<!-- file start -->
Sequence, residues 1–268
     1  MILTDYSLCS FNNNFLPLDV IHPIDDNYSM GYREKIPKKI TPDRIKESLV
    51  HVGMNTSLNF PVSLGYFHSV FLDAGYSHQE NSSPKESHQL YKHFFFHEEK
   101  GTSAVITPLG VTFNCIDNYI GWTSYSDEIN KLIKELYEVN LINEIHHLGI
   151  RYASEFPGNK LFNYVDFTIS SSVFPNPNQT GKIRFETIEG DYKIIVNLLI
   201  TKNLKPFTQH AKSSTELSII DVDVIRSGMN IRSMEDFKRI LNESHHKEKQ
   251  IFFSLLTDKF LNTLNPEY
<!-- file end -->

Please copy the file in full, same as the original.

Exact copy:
Sequence, residues 1–268
     1  MILTDYSLCS FNNNFLPLDV IHPIDDNYSM GYREKIPKKI TPDRIKESLV
    51  HVGMNTSLNF PVSLGYFHSV FLDAGYSHQE NSSPKESHQL YKHFFFHEEK
   101  GTSAVITPLG VTFNCIDNYI GWTSYSDEIN KLIKELYEVN LINEIHHLGI
   151  RYASEFPGNK LFNYVDFTIS SSVFPNPNQT GKIRFETIEG DYKIIVNLLI
   201  TKNLKPFTQH AKSSTELSII DVDVIRSGMN IRSMEDFKRI LNESHHKEKQ
   251  IFFSLLTDKF LNTLNPEY